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according Adimantus Agamemnon agree animal appears Aristotle beautiful become body cause Cephalus Certainly Chap Comp conceive concerning consider contrary course Critias deem desires dialogue discourse disease divine earth Euripides evil existence fire flesh former Glaucon gods governors greatest Greeks guardians gymnastics harmony hear hence Hermocrates Hesiod Homer honour ideas imitation injustice inquire intellect justice kind laws learning least likewise manner matter means methinks mortal motion nature necessarily observed oligarchic oligarchy opinion orichalcum pain Parmenides perceive person philosophers philosophic nature phlegm Pindar Plato pleasure Plutarch poets Polemarchus Poseidon possess possible principle produced Protagoras reason receive reference regards replied Republic resemble respects rest rightly seems Socrates Solon soul speak species Stallbaum tell temperance things Thrasymachus tion true truly truth tyrant unjust virtue whole wise Zeus
Page 420 - children by a mortal woman, and settled in some such spot of the island as we are about to describe. Towards the sea, but in the centre of the whole island, was a plain, which is said to have been the fairest of all plains, and distinguished for the excellence
Page 205 - extremely ridiculous, while he is yet dazzled,* — and when, ere being used to the present darkness, he is obliged to contend in courts of law or elsewhere about the shadows of justice, or the statues of which they are the shadows, and then to dispute how these matters are apprehended by those who have never contemplated justice
Page 409 - water:-—and hence "arose the tribe of fishes and oysters, and all other aquatic animals, which have received the most remote habitations, as a punishment of their extreme ignorance. After this manner then, both formerly and now, animals
Page 59 - not admit into our state; — either in allegory or without allegory; for young persons are not able to judge what is allegory and what is not, but whatever opinions they receive at such an age are wont to be obliterated with difficulty, and immovable. Hence, one would think, we should of all things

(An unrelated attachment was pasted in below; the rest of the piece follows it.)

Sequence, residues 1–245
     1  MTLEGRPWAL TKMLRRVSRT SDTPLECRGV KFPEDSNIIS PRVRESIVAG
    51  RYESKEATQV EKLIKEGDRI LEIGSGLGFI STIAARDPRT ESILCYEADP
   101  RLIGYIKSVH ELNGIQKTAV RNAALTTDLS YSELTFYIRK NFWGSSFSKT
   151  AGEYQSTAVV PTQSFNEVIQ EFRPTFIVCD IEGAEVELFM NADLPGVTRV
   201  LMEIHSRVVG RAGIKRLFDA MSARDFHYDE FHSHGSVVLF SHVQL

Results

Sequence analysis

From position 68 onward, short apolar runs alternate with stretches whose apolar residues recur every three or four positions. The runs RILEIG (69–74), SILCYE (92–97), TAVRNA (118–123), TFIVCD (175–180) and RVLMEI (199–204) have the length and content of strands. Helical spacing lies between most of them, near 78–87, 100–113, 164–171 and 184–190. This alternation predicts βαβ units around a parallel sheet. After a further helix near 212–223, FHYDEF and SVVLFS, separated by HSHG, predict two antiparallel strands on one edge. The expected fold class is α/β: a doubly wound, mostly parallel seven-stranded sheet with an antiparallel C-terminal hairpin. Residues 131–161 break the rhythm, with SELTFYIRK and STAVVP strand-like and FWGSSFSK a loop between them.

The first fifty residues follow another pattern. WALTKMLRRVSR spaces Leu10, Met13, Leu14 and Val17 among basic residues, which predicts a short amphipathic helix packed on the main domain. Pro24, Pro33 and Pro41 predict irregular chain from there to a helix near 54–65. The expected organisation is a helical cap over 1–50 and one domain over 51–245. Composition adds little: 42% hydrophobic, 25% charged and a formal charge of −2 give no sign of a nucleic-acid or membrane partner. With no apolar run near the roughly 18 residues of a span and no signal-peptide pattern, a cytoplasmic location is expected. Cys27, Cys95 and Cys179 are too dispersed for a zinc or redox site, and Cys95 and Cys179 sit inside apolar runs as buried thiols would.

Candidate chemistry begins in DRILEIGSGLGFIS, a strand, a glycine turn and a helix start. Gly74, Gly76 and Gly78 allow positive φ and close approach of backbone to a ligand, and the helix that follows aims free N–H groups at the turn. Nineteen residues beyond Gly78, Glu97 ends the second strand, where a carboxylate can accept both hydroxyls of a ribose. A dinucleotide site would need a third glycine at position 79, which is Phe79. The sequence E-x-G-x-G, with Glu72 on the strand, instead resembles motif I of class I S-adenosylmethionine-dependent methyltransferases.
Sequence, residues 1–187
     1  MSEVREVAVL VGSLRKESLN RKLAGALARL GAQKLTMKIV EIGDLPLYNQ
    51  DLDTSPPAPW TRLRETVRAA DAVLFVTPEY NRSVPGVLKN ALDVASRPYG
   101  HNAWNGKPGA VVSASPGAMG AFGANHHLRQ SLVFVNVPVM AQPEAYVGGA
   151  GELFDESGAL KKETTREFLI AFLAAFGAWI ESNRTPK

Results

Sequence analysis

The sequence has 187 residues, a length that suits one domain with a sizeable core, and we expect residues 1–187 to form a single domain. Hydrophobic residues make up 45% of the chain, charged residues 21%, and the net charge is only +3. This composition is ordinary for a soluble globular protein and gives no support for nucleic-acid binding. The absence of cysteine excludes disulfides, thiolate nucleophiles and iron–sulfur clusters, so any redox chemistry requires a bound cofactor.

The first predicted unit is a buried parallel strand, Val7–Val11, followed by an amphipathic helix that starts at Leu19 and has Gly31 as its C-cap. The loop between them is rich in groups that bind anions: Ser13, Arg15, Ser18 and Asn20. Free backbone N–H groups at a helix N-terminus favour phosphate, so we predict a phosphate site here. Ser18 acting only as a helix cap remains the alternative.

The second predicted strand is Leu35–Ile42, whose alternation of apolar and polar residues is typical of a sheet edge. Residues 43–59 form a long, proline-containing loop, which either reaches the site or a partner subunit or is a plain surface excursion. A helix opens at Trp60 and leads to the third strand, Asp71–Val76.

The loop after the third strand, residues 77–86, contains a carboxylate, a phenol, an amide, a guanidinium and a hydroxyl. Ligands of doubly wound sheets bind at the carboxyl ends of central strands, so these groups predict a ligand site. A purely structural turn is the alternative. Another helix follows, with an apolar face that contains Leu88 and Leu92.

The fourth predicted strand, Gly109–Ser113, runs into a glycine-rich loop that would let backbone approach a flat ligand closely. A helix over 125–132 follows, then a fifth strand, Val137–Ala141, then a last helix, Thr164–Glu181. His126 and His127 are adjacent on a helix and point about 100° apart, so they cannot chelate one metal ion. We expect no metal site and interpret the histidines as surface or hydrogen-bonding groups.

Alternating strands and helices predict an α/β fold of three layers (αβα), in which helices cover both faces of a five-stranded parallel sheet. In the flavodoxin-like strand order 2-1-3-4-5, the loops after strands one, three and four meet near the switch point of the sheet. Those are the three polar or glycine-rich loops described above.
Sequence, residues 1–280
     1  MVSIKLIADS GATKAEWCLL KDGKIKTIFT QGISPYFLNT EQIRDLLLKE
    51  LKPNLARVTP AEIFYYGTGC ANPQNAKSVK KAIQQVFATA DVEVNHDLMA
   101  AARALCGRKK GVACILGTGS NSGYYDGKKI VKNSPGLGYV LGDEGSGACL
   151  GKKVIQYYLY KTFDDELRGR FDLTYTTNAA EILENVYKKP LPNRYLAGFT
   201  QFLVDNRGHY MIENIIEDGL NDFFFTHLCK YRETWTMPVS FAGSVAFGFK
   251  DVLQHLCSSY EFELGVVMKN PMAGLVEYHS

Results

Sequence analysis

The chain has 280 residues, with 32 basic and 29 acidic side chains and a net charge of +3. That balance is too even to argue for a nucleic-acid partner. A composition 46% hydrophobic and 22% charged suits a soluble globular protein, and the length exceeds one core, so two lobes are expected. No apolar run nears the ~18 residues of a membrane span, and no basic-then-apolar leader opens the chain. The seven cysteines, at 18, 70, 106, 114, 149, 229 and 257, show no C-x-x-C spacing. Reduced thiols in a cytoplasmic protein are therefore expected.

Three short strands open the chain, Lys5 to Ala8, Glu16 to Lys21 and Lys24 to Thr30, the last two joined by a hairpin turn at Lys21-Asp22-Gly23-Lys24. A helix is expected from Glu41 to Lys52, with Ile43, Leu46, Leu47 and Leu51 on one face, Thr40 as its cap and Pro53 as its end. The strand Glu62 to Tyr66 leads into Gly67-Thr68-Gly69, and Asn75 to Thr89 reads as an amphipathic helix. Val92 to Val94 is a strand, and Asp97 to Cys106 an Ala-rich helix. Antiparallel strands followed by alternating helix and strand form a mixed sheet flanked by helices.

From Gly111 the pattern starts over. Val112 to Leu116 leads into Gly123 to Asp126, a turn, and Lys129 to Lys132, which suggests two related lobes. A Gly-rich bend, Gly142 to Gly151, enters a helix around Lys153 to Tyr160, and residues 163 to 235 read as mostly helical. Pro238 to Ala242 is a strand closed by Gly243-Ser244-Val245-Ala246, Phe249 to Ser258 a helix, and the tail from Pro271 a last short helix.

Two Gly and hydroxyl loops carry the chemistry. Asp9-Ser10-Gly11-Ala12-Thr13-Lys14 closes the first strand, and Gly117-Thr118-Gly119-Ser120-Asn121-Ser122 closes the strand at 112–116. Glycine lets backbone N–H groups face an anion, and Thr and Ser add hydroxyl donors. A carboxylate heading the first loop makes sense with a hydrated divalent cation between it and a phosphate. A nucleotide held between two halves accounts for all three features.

Page 303 - other of those seeming evils, these things to him issue in something good, either whilst alive or dead. For never at any time is he neglected by the gods, who inclines earnestly to endeavour to become just, and practises virtue as far as it is possible for man to resemble God.
Page 422 - state, or require smelting;— and especially that metal orichalcum, which is now known only by name, but formerly of high celebrity, was dug out of the earth in many parts of the island, being considered the most valuable of all the metals then known, except gold ;— and it produced an abundance of wood for builders, and furnished food also for tame and wild animals.
Page 346 - less so by two or three degrees. And after having thus framed the universe, he allotted to it souls equal in number to the stars, inserting each in each ; and then, as it were, placing them on a vehicle [whereon to travel through the heavens,] he pointed out the nature of the universe, and announced to them
Page 43 - others make Homer witness as to the persuasive power of men over the gods, inasmuch as that poet says, — ..... the gods In virtue thy superiors, are themselves Yet placable ; and if a mortal man Offend by transgression of their laws, Libation, incense, sacrifice, and prayer* In meekness
Page 285 - makes everything also which springs from the earth, and he makes all sorts of animals, himself as well as others; and besides these things, he makes the earth, the heaven and the gods, and all things in heaven, and in Hades under the earth. You are speaking, said